An elegant addition to the successful “1001” series—a comprehensive, chronological guide to the most important thoughts from the finest minds of the past 3,000 years.
1001 Ideas That Changed the Way We Think is a comprehensive guide to the most interesting and imaginative thoughts from the finest minds in history. Ranging from the ancient wisdom of Confucius and Plato to today’s cutting-edge thinkers, it offers a wealth of stimulation and amusement for everyone with a curious mind.
Within the pages of this book you will find a wide variety of answers to the great, eternal questions: How was the universe created and what is the place of humans within it? How should a person live? And how can we build a just society? 1001 Ideas That Changed the Way We Think also includes a host of hypotheses that are remarkable for their sheer weirdness—from the concept of the transmigration of souls to parallel universes and the theoretical paradoxes of time travel (what happens if you travel back in time and kill your own grandfather?).
Discover how the Greek philosopher Zeno “proved” a flying arrow never moves; how modern science has shown that a butterfly’s wing can stir up an Atlantic storm; and the mathematical proof of the existence of life in other galaxies. The inspirational ideas explored here range from Gandhi’s theory of civil disobedience to Henry David Thoreau’s praise of the simple life and Mary Wollstonecraft’s groundbreaking advocacy of women’s rights. The book also covers a wide variety of lifestyle concepts, such as “rational dress” and naturism, and cultural movements including Neoclassicism, Surrealism, and Postmodernism.
Supported by a wealth of striking illustrations and illuminating quotations, 1001 Ideas That Changed the Way We Think is both an in-depth history of ideas and a delightfully browsable source of entertainment.
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Robert Arp is a visiting professor for the department of philosophy at Florida State University and a postdoctoral research fellow at the National Center for Biomedical Ontology. His areas of specialization include philosophy of biology, philosophy of mind, and modern philosophy. He lives in Tallahassee, Florida.From Booklist:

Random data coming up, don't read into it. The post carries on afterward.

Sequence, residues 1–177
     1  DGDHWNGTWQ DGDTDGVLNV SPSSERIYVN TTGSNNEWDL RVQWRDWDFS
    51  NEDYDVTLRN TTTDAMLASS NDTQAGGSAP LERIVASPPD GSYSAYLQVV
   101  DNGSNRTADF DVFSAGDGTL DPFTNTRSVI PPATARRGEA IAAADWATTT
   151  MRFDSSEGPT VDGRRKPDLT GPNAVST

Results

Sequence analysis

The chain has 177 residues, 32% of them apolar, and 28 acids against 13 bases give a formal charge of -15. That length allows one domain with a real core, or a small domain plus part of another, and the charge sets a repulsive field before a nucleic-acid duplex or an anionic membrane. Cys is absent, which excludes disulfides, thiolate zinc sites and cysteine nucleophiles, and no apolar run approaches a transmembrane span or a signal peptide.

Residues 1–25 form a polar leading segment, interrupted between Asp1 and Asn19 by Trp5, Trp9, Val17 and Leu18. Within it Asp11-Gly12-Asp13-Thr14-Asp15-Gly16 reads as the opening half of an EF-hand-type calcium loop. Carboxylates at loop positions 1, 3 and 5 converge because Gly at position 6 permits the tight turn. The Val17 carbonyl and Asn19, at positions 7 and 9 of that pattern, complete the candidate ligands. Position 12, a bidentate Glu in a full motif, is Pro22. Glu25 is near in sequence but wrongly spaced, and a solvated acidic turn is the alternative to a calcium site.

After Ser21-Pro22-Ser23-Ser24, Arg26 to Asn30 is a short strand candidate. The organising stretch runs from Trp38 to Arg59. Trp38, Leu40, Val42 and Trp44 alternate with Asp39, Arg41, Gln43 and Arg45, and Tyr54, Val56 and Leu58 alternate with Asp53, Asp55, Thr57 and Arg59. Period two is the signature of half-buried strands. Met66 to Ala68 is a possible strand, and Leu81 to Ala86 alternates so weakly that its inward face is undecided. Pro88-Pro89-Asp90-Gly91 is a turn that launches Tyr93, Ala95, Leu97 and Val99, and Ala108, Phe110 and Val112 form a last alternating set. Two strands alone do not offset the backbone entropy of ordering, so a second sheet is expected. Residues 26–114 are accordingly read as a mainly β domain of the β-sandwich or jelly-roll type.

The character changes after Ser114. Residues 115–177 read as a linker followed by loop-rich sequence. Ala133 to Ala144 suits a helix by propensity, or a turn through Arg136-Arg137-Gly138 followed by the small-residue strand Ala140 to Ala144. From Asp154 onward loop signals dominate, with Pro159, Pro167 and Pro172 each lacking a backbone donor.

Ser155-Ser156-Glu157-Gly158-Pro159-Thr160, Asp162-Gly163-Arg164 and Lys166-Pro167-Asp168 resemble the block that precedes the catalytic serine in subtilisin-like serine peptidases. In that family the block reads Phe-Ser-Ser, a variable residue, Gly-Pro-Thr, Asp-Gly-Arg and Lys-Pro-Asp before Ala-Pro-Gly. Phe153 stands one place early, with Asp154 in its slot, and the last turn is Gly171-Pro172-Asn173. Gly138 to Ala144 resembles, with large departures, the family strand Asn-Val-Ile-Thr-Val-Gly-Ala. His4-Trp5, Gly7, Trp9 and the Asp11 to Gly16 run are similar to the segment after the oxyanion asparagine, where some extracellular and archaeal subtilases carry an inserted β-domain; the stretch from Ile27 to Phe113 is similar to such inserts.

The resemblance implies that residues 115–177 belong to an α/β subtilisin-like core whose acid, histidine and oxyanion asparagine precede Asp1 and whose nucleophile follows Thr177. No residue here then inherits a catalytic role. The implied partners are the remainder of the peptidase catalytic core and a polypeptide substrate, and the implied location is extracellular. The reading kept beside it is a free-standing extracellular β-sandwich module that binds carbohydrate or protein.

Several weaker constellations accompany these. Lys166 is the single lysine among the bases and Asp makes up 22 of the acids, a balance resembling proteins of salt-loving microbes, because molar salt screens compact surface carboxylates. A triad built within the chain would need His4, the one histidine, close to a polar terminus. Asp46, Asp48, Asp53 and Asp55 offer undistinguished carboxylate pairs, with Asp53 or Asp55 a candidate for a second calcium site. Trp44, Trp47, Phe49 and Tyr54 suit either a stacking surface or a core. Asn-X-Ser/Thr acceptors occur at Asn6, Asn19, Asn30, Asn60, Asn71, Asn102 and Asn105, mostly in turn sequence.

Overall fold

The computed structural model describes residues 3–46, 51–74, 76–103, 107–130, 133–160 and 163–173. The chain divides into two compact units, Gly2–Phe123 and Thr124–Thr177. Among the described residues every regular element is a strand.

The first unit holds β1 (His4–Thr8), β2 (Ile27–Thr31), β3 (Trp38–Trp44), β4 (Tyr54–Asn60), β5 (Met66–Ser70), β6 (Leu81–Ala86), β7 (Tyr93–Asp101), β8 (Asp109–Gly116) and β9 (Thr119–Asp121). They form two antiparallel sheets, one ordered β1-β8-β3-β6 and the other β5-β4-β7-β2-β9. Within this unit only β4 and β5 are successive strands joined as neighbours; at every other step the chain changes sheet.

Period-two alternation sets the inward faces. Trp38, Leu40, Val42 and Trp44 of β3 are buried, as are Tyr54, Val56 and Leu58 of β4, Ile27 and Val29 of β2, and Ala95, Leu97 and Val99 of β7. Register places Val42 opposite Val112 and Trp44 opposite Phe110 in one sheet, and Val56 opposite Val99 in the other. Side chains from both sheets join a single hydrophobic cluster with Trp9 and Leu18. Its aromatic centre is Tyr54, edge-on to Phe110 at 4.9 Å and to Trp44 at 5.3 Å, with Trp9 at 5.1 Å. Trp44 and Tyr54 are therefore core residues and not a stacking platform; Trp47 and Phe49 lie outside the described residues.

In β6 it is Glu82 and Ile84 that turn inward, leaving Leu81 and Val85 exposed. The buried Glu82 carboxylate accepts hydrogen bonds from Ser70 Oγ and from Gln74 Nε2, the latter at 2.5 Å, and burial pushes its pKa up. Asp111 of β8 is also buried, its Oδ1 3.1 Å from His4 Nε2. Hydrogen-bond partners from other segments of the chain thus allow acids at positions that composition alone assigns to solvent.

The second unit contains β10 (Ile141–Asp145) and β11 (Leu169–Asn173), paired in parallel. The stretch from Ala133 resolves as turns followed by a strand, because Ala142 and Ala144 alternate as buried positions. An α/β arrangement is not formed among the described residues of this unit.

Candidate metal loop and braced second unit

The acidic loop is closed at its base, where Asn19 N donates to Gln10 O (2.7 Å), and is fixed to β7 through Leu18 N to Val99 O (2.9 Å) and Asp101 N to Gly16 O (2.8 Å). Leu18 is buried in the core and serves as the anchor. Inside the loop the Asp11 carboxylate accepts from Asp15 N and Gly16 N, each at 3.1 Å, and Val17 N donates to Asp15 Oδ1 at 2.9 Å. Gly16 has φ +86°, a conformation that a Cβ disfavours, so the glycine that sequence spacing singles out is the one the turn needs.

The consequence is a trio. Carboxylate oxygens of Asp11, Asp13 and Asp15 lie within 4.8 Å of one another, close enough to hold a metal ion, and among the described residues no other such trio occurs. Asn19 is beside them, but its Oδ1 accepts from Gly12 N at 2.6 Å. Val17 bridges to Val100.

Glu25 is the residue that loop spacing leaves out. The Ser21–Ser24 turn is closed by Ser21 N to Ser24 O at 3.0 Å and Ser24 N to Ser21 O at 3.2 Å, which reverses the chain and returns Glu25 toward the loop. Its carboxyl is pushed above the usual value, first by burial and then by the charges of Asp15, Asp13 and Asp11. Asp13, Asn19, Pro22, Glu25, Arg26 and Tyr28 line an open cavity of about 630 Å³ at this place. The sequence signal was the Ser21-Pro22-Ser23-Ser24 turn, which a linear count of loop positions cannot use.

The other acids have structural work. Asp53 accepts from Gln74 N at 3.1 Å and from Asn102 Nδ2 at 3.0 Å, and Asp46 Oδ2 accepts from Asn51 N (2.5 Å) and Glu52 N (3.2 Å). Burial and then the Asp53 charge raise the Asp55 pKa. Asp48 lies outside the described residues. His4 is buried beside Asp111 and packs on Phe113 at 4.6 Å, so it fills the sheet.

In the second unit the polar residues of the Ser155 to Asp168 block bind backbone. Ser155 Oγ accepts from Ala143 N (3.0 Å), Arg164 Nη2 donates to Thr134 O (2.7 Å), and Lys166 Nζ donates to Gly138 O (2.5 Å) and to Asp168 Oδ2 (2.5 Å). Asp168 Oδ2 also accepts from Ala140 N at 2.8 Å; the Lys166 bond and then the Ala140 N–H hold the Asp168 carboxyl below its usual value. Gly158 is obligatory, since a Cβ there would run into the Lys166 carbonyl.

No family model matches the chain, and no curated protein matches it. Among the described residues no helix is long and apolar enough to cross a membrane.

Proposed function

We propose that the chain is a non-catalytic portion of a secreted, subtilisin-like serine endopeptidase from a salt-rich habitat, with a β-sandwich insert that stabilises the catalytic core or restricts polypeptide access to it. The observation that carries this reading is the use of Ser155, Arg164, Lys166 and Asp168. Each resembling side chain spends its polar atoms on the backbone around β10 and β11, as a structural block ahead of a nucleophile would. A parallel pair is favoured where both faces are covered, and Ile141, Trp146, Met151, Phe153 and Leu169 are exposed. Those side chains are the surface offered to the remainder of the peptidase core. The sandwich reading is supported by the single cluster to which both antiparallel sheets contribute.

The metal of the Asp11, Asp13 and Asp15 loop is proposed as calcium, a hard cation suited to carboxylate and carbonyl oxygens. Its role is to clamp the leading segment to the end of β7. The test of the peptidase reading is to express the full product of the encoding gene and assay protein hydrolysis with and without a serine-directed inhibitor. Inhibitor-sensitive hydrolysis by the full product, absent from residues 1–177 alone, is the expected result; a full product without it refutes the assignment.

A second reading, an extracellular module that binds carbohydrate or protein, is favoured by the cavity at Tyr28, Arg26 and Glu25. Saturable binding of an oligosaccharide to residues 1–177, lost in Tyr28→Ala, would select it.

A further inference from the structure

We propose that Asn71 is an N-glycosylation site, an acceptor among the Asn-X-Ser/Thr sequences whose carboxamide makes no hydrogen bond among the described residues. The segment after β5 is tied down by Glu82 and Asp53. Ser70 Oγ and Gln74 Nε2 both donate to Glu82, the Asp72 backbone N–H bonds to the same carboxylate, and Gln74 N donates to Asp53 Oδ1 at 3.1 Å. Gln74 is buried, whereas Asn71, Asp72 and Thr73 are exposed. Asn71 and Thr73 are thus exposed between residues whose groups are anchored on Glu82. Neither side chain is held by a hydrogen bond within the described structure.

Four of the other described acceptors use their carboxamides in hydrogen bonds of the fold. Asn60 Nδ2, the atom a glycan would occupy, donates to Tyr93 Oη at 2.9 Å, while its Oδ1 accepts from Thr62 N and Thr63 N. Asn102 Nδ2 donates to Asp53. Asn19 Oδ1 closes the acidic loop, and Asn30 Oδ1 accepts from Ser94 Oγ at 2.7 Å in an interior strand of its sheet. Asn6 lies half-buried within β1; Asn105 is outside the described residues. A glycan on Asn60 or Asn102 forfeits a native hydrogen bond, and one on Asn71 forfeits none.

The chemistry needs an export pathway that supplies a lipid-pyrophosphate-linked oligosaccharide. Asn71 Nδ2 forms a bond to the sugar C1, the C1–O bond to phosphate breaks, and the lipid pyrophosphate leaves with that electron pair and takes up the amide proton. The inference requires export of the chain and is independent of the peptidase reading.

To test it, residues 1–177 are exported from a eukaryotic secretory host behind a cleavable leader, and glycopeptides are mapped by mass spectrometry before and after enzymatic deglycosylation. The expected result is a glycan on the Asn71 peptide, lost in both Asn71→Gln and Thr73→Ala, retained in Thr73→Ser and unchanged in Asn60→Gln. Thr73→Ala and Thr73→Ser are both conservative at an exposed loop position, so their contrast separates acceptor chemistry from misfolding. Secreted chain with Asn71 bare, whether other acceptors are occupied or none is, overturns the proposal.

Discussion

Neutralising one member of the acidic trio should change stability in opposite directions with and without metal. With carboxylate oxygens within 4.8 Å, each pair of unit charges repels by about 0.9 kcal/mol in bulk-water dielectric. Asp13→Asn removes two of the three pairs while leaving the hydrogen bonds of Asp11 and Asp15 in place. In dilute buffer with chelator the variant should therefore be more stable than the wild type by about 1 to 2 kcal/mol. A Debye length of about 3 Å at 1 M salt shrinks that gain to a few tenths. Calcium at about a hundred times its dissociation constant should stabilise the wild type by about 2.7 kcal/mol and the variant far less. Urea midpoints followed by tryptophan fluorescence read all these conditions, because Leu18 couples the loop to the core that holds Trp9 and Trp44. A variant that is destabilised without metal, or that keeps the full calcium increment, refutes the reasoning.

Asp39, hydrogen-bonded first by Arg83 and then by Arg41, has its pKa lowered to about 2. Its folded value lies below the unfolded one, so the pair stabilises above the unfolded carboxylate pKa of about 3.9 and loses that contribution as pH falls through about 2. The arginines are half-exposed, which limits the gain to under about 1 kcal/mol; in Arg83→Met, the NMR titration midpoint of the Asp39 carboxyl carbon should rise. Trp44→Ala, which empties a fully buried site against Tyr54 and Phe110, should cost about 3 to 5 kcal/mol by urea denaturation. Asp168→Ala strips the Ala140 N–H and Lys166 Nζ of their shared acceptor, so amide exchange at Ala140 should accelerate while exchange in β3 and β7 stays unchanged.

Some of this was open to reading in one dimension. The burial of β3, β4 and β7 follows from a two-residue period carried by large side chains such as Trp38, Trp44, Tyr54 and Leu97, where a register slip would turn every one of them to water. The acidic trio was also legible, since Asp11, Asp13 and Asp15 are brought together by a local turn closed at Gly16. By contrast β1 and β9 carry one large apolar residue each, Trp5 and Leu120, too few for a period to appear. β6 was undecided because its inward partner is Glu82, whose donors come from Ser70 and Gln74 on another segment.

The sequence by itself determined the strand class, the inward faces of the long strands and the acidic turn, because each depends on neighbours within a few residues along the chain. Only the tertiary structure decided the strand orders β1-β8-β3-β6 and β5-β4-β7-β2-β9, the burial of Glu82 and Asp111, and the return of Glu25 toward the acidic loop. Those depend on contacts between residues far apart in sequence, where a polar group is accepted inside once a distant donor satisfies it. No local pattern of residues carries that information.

As the title reveals, this work covers ideas that have inspired humankind and changed our lives. Entries are listed chronologically, and the first is “Human Control of Fire,” estimated to have occurred around 1,600,000 BCE, while the last entry is “Not-Junk DNA,” regarding the human genome work done in 2012. Some entries are well-known events, such as Sir Isaac Newton’s discovery of gravity and President Lincoln’s Gettysburg Address. However, a wide variety of topics are discussed, including Church of the Flying Spaghetti Monster, Fountain of youth, Allegory of the cave, Robin Hood, Public library, Freudian slip, Santa Claus, Gray’s Anatomy (the book, not the television show), and Robotics, to name but a few. The brief entries are arranged in sections covering “Ancient World (Pre 500 CE),” “Middle Ages (500–1449),” “Early Modern (1450–1779),” “Late Modern (1780–1899),” “Early 20th Century (1900–1949),” and “Contemporary (1950–present).” A keyword index at the beginning of the book divides entries into “Art and Architecture,” “Philosophy,” “Politics and Society,” “Psychology,” “Religion,” and “Science and Technology,” and there is a general index at the end. Colorful illustrations and photographs are found throughout the book—at least one and often more on every other page. This entertaining and informative book is recommended for both public and academic libraries. --Rachael Elrod
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